A set of binary viewsheds of the wall surface that used to be embellished with the wall painting of the ‘Adorants'(north wall, Room 3, ground floor, Xeste 3, Akrotiri, Thera).
The second stage of the analysis involves a series of map algebra operations performed in a GIS, that aim to summarise information incorporated in the binary viewsheds into a single map. Many types of spatial mapping can be produced in this way:
A) ‘Times seen’, namely maps in which each cell indicates how many times the target object is seen from the areas an observer could have been located. These are similar to ‘times seen’ used in landscape research (Fisher 1992). ‘Times seen’ can describe the likelihood that a particular feature will be encountered by a viewer moving in the space of interest (less obstructed features are more likely to be seen). They can also help to identify invariants in the divergent perspectives of multiple stationary observers, for example during public gatherings. Moreover, ‘times seen’ can be created by summing up only viewsheds from locations that intersect a walking path. This could enable the creation of useful visual summaries that can reveal the most exposed features in the course of particular routes (Earl 2005).
The wall painting of the ‘Adorants’ (north wall, Room 3, ground floor, Xeste 3)
The ‘times seen’ of the ‘Adorants’ from 213 location in Room 3 (Xeste 3, ground floor)(Paliou 2009)
B) Scalar fields that show the changes in the amount of visible area of the target object through space. These are performed by mapping information on visible area which is incorporated into the binary viewsheds back onto the specified observer locations. These maps can give indications of how the visibility of the target objects alters in the course of the observer’s movement, when they are intersected with linear features corresponding to movement paths.
Map showing the visble area of all three figures of the ‘Adorants’ that would be exposed to viewers located in Rooms 3 and 4. The figures would have been fully visible form areas marked in red (Paliou 2009).
C) Visibility maps showing different angular and distance thresholds that could have affected the visual clarity of the target object can also be created (Earl 2005; Paliou 2009)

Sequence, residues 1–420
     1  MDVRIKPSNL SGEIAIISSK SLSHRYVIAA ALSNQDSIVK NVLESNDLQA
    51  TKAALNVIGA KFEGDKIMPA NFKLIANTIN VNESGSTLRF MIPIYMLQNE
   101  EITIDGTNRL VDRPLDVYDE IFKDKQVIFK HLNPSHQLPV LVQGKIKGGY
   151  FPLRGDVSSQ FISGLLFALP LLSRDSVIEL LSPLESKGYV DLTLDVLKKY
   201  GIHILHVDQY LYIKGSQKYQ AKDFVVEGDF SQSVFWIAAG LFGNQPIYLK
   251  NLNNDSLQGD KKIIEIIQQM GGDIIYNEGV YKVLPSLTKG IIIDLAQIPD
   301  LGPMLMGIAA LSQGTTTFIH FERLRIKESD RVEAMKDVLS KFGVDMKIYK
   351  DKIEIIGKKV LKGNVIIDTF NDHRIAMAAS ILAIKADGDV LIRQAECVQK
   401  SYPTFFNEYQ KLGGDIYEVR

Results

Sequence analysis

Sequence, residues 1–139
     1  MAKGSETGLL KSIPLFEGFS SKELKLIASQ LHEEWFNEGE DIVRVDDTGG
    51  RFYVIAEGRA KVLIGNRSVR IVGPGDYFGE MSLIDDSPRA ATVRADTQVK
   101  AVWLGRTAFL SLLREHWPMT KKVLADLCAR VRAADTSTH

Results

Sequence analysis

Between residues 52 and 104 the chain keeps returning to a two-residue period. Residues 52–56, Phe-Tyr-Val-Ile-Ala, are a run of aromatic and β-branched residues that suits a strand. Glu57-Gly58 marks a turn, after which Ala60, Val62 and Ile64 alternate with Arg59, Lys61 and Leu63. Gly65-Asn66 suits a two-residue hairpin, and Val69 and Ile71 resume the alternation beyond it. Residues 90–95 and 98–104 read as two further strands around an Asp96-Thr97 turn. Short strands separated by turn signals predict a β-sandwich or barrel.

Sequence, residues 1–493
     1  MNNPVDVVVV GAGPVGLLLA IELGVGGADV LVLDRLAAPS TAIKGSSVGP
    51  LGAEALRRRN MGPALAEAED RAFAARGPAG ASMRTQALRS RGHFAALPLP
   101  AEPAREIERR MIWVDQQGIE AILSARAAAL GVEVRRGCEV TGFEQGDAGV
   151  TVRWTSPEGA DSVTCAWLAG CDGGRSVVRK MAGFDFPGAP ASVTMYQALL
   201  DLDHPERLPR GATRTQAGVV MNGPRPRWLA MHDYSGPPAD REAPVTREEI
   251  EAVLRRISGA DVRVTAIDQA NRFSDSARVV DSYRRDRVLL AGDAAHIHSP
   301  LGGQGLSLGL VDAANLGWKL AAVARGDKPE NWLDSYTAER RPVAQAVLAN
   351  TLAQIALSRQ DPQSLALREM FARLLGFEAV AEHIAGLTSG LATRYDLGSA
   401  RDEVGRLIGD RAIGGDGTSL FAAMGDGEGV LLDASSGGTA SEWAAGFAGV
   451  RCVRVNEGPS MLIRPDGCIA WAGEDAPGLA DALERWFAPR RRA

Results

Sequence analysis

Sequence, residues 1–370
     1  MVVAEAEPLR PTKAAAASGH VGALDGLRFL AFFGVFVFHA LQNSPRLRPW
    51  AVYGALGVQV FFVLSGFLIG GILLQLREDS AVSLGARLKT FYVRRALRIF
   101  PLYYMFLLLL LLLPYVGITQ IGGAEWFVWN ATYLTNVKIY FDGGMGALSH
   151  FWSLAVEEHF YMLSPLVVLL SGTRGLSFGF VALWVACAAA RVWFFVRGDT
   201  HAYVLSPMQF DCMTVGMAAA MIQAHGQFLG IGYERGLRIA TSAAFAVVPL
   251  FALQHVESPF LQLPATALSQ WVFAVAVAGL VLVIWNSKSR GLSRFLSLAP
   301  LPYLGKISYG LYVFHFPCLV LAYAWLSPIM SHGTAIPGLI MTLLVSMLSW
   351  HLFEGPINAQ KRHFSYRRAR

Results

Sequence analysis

Incomplete data and error modelling
It cannot be overemphasized that, as in the case of landscape visibility studies (Fisher 1992), in most situations there is some degree of uncertainty as to whether a target feature is visible or not from a particular location. This lack of confidence in the results of the analysis is caused by possible errors in the geometry of the reconstructed historic or prehistoric space under study. Errors in a proposed reconstruction are likely to be caused by imprecise recording of the extant built features on site, or during the digitisation process (e.g. when calibrating site plans). The main source of uncertainty, however, is the partial preservation of the archaeological record and the lack of knowledge concerning features that are no longer preserved. On some occasions assumptions can be made regarding such features with a certain degree of confidence. Even then, however, details of the missing elements, such as the exact dimensions, cannot be known with precision. Ultimately, it has to be acknowledged that a great deal of detail about the geometry of past built structures which may have influenced visibility in space is simply unknowable.
That said, it is important to establish whether uncertainty in a particular context can substantively affect statements and interpretations related to the visibility of the features of interest. For that, probabilistic viewsheds can be created that aim to show the likelihood that a certain feature is exposed to the viewer, and the propagation of possible error in the analysis outputs. This can be done in a number of ways. For example, probabilistic viewsheds can be created by, firstly, summing up visibility maps deriving from alternative reconstructions and then dividing the output by the number of model variations, as suggested by Fisher (1992). The possible errors in ‘times seen’ can be propagated either by calculating the range of difference in the case that maps derived by only two alternative reconstructions need to be compared or, for a greater number of alternative reconstructions, by calculating the root mean square deviation of the cell values of the different possible outcomes from the mean (Paliou 2009). Analyses of this kind could help define the areas of the model that are most affected by lack of data and the degree of confidence in which certain interpretations are made.